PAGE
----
Taxman admits defeat

A grieving family given five days to repay £6,000 in wrongly paid tax credits after a tax office blunder were celebrating today after the slate was wiped clean.

A grieving family given five days to repay £6,000 in wrongly paid tax credits after a tax office blunder were celebrating today after the slate was wiped clean.

Ken and Karen Henry were told by tax officials last week if the money was not paid back by today they would face court action. The money was technically overpaid following the death of the Henry's four-month-old son Scott.

But earlier this morning the tax office rang Mrs Henry, 34, to inform her they had decided to cancel the debt.

She said: "I can't believe it's finally over.

"I'm chuffed to bits and can't begin to explain how happy I am and what a relief this is.

"We can finally put the memory of our son to rest, enjoy our daughter, and most importantly move on."

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The Henry's agony began in January 2003 following the cot death of Scott.

His devastated parents set about trying to put the pieces of their lives back together and notifying authorities.

But when Mr Henry, 42, picked up his first pay packet after the tragedy he noticed he was still receiving working tax credits.

Mrs Henry immediately informed the tax office of their mistake and they acknowledged they had seen a copy of Scott's death certificate.

They were told they were entitled to carry on receiving the credits until the day Scott would have been one in September 2003.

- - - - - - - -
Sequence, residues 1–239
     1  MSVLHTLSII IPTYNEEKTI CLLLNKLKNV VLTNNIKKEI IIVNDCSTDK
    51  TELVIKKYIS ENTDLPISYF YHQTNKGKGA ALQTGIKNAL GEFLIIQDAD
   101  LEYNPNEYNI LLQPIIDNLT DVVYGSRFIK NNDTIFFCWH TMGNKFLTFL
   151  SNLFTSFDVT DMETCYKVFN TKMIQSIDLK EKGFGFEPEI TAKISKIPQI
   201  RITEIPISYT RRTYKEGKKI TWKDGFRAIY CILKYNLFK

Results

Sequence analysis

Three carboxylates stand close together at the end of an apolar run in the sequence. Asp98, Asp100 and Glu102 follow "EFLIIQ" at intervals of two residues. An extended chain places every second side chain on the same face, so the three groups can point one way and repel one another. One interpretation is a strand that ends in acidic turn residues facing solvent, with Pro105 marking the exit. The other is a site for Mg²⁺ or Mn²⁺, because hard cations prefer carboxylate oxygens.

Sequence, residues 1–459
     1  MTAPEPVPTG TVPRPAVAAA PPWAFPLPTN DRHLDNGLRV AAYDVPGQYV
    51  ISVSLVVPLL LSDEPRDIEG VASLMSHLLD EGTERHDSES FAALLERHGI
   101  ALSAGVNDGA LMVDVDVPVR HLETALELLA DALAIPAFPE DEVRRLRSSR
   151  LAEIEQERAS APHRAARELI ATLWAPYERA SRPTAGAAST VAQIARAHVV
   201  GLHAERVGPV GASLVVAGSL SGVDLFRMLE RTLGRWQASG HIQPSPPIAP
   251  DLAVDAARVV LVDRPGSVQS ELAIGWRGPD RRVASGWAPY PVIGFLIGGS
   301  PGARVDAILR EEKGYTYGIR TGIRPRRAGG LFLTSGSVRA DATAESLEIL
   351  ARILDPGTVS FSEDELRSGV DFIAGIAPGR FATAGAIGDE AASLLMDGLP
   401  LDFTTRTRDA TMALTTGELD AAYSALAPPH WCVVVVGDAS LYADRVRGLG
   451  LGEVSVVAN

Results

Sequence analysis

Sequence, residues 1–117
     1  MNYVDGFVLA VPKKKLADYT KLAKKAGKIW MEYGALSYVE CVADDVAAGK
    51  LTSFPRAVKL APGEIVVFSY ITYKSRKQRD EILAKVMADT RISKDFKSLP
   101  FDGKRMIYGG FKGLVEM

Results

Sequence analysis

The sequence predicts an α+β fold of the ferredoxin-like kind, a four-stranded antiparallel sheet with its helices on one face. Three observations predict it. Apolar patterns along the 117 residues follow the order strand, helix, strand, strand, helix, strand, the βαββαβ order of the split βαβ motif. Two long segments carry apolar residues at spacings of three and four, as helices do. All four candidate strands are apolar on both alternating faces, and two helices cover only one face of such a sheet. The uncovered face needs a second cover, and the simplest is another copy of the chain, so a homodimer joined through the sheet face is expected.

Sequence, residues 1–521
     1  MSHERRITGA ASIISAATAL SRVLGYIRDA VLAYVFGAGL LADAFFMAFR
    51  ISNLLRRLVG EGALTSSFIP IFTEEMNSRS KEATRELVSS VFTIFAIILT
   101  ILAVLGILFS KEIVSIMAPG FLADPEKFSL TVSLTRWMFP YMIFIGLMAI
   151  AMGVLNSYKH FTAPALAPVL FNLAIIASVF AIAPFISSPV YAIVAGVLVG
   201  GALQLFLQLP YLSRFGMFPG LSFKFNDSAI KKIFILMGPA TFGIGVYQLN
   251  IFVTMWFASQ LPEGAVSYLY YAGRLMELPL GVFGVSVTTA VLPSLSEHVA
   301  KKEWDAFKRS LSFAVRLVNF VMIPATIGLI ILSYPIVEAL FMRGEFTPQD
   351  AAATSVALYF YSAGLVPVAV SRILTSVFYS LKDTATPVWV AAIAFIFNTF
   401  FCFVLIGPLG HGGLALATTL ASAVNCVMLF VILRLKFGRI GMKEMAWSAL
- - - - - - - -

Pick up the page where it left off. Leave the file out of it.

This amounted to almost £6,000, which is the sum the tax office were trying to claim back.

During this time Mrs Henry repeatedly rang the office to check they had not made a mistake, and they assured her they had not.

And from October 2003, until last Thursday, the couple, who live in Dilham, near Stalham, with their 17-month-old daughter Freya, heard nothing from them.

But then a letter demanding immediate payment of £5,923.77 within five days landed on the doormat.

The EDP highlighted the Henry's plight and while on Friday night the tax office admitted they had made a mistake they still insisted the money needed to be paid.

But in a sudden turnaround this morning Mrs Henry received a call from the tax office saying they had decided to drop the debt.

Mrs Henry said: "It's a giant weight off our minds. I rang my husband and he was just as thrilled.

"This has been going on for four years and now finally justice has been done and our lives can begin."